In 1735, he became a member of the French Academy of Sciences as a supernumerary adjunct astronomer, in 1741 as an adjunct astronomer and in 1745 as a full member astronomer.
He succeeded to his father’s official employments in 1756 and continued the hereditary surveying operations. In 1744, he began the construction of a great topographical map of France, one of the landmarks in the history of cartography.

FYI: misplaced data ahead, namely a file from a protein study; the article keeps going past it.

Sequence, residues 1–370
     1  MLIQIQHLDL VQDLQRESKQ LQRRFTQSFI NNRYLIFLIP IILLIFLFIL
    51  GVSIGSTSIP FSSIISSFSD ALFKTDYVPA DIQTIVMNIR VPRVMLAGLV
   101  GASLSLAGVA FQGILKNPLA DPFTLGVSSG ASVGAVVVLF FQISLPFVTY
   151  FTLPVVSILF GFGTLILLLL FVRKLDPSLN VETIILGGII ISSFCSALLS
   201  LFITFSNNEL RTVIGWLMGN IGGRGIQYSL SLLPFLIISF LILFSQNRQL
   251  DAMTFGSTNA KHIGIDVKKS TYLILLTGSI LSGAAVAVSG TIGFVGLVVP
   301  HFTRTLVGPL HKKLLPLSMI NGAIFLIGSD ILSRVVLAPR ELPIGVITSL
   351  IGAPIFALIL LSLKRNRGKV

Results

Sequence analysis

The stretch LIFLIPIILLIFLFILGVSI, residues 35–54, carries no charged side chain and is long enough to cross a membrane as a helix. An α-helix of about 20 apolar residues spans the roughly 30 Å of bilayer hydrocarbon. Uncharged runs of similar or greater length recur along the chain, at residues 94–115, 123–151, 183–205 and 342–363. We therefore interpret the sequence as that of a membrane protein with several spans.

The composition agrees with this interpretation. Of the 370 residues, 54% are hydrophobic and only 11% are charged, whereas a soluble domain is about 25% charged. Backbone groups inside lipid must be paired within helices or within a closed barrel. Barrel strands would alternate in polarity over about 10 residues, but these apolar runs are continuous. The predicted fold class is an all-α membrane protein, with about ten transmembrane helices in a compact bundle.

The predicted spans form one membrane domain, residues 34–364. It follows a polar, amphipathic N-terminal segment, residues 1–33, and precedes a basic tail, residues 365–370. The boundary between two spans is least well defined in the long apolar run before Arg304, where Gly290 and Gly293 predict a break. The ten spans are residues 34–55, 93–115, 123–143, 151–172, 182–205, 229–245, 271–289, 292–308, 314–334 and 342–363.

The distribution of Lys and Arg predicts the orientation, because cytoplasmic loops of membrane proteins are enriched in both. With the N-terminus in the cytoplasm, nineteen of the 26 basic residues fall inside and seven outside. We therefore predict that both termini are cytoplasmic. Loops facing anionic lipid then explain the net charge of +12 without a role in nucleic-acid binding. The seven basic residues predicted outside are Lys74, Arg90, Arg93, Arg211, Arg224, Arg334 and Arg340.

The post of director of the Paris observatory was created for his benefit in 1771 when the establishment ceased to be a dependency of the French Academy of Sciences.
His chief works are: La méridienne de l’Observatoire Royal de Paris (1744), Description géometrique de la terre (1775), and Description géometrique de la France (1784), which was completed by his son.